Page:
Book review: ‘A Wolf at the Table: A Memoir of My Father’ |

Book review: ‘A Wolf at the Table: A Memoir of My Father’

Stephen Bedford
Vail CO, Colorado
Special to the DailyTitle: "A Wolf at the Table: A Memoir of My Father"

What on earth would Augusten Burroughs be with such a disturbing childhood?

Well, dead, for one thing, as we find out in his troubling new memoir “A Wolf at the Table: A Memoir of My Father.” In this cathartic, chilling moment we learn that little Augusten, all of 12-years-old, contemplates throwing himself from a cliff to spite his cold-blooded dad.

If you couldn’t guess, the mood never lightens in this somber story of a sadistic father well versed in the art of the silent treatment from a writer who’s made a cottage industry of his supremely strange upbringing.

Burroughs’s family, and subsequent surrogate family, was forever immortalized in the mega-selling memoir “Running with Scissors,” which despite its explosive, macabre family dynamics managed moments of brevity and humor to counteract its toxic subject matter.

“A Wolf at the Table” is virtually devoid of any bits and pieces of fun, making this easily the memoirist’s sternest offering in a canon that includes family distress (“Scissors”), alcoholism (“Dry”), and the banalities of everyday life (“Possible Side Effects”), all garnering reviews filled with antonyms. “Funny” and “twisted” often appear between periods of Burroughs’ work.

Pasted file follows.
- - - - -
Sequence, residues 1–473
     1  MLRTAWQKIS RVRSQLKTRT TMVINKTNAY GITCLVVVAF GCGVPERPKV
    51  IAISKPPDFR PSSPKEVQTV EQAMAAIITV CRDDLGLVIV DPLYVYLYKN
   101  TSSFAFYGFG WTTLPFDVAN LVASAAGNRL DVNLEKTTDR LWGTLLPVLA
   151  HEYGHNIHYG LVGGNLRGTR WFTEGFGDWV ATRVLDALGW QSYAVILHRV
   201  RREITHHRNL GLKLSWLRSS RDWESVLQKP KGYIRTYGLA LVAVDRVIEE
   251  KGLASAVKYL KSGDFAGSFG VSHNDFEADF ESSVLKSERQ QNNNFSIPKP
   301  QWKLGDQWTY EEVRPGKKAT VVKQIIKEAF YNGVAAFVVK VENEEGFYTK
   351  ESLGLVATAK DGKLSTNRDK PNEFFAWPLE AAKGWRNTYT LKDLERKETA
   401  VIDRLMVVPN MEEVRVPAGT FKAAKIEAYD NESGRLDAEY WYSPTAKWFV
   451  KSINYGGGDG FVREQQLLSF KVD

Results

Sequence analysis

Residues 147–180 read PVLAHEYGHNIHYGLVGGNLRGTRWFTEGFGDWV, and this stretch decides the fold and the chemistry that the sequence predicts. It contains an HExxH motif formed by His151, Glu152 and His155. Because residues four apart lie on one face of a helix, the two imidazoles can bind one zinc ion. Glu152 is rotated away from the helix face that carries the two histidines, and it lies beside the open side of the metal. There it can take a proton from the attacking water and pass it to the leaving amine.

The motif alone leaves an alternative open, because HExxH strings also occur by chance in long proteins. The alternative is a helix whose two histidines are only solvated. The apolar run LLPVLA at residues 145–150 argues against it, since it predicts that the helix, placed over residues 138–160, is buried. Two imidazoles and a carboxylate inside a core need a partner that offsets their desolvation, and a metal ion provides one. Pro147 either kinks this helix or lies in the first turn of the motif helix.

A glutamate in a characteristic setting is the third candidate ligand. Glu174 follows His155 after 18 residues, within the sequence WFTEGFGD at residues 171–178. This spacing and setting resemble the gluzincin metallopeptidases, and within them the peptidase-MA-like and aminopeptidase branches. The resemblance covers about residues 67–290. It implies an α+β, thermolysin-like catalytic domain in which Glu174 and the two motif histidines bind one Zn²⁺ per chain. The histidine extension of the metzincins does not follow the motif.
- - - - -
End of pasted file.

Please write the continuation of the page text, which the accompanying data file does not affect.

Given his previous offerings, Burroughs’ “A Wolf at the Table” is a decidedly dark turn, further solidifying that the adults in Burroughs’ life effectively flew off the rails of the crazy train, leaving a sensitive boy to fend for himself. Burroughs’ father is every bit the wolf in the title.

Burroughs’ father is more specter than parent, fading in and out of his son’s childhood. When he’s around, he’s abusive in every aspect all the while sucking down cigarettes and booze, reaffirming that his son is more waste-of-space than flesh-and-blood.

As young Augusten tries furtively to win his father’s affection, or at least recognition, he’s met with oddball sadism.

There’s the time his father refused to use any lights in hopes of saving electricity. Then there’s the time Augusten’s brother levels a gun at drunken dad, with Augusten urging his brother to pull the trigger. Then there’s the time Augusten’s father slaps him, hard, as he prays for divine removal of dear old dad.

Invariably, with all of Burroughs’ work, there will be three camps, those that love it and those that hate it. It’s quite easy to be swayed in either direction. Burroughs certainly has a gift for prose and setting, but rare is it when people can genuinely say they enjoy reading about the degradation committed by dad. And, of course, the third camp is comprised of those who will summarize Burroughs with three short, curt words: “Get over yourself.”

Stephen Bedford is the general manager of The Bookworm of Edwards.

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